Now to pick up some specific misconceptions and exaggerations in the recorded interview.

    0’33”: The introduction mentions “100 per cent patient accuracy”. There is no such thing as perfect security. No discussion of biometrics should carry forward this misconception. In real life the accuracy can be surprisingly lower than 100%.
    4’28”: ‘Biometrics cannot be shared, forged or stolen”. This is simply untrue. Fingerprints for example are readily stolen and reproduced by silicone moulds to spoof even very high grade detectors (see the Mythbusters TV program on this). And if an attacker can gain access to the biometric templates, then they can forge matching synthetic traits by reverse engineering. This has been demonstrated with fingerprints, face and most recently iris modalities.

    5’57”: “Your biometric characteristics are absolutely unique”. This sort of unqualified impression of perfection is belied by the fact that all biometrics commit False Positive errors. No trait is perfectly measured, processed and matched, so ‘absolute uniqueness’ is a misleading choice of words. If a biometric 1:N identification system throws up a dozen candidate matches from a large database of patients, the user will be entitled to ask what “uniqueness” is supposed to mean.

    6’07”: Question: “It can definitely prevent duplicate medical records, correct?” Answer: “oh yeah, absolutely”. Again this is an unwarranted implication that biometrics work without error. With finite error rates, it is logically impossible for biometrics to “absolutely” prevent duplicates. Furthermore, with 1:N matching as advocated by M2SYS, the elimination of duplicates is based on an assumption that all enrolled templates are accessible at all sites. At 11’13” Mr Trader says it is a “fact that having biometrics … can prevent the creation of duplicate medical records”. Prevention is a big claim that can only be supported when every patient is enrolled and all templates are available for comparison at all points of care. With multi-million template databases, as discussed above, we really need the vendors to specify the real life Detection Error Trade-off to manage Birthday Paradox false matches.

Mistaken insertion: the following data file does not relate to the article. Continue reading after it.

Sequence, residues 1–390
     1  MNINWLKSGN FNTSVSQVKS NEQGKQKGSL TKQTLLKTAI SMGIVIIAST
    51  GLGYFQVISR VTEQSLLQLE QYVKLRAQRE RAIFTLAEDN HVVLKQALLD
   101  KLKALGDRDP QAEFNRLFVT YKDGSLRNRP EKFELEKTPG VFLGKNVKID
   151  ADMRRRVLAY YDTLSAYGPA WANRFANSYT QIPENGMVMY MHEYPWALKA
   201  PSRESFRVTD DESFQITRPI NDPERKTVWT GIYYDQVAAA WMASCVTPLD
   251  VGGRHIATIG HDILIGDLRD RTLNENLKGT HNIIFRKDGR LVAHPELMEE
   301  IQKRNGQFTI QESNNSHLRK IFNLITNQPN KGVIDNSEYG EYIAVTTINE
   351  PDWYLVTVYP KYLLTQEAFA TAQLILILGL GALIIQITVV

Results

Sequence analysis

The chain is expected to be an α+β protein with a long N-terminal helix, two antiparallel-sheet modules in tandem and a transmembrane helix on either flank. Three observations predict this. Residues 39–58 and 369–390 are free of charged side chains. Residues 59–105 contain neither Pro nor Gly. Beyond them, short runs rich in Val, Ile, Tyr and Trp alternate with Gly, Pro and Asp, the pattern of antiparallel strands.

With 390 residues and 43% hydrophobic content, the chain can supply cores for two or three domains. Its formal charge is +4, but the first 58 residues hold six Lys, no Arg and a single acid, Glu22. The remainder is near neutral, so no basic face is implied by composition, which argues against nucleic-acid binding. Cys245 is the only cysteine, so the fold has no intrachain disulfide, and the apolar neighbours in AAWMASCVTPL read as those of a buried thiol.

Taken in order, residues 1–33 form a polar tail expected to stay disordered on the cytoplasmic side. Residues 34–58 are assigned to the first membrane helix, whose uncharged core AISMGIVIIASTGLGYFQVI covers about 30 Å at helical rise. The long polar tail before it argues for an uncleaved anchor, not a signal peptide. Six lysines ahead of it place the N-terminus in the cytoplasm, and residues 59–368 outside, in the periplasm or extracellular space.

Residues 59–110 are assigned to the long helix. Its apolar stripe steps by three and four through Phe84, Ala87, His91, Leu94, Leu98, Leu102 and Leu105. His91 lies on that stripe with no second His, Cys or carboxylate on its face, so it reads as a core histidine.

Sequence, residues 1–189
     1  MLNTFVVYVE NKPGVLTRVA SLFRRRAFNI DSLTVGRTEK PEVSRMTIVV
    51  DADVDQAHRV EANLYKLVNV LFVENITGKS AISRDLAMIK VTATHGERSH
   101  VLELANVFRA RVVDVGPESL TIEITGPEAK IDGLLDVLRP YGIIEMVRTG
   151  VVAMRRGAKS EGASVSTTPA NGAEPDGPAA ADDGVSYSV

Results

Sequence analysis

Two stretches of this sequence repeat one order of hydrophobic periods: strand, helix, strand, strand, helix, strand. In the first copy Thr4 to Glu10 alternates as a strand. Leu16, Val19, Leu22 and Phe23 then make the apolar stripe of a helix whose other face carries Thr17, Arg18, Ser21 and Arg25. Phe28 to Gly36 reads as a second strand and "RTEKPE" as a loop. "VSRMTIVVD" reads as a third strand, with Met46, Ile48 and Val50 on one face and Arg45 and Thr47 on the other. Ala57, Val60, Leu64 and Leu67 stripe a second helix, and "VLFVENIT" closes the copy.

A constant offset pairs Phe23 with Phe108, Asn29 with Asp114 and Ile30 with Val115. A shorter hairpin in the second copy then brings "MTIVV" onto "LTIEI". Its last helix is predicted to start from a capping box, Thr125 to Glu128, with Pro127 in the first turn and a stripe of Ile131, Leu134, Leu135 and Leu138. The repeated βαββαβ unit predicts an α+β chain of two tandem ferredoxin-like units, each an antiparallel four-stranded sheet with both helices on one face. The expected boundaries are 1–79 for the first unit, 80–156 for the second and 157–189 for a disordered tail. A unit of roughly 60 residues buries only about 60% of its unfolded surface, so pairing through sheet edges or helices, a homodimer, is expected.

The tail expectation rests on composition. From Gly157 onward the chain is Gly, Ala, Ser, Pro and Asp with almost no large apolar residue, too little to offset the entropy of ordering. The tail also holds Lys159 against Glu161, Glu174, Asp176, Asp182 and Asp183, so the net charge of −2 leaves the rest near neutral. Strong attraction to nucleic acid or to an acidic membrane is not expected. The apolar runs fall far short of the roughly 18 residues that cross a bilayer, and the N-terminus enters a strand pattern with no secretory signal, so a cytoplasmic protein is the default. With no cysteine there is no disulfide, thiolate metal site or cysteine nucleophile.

If the biometric system is not networked across all sites, then well organised medical fraudsters (the types of criminal that are supposed to be targeted by biometric security) will plan their doctor-shopping and will target sites that are not online with the identification system.

    20’06” “Only takes one duplicate in an HIE to poison every other hospital that is a member of that exchange”. Is this not a major exaggeration?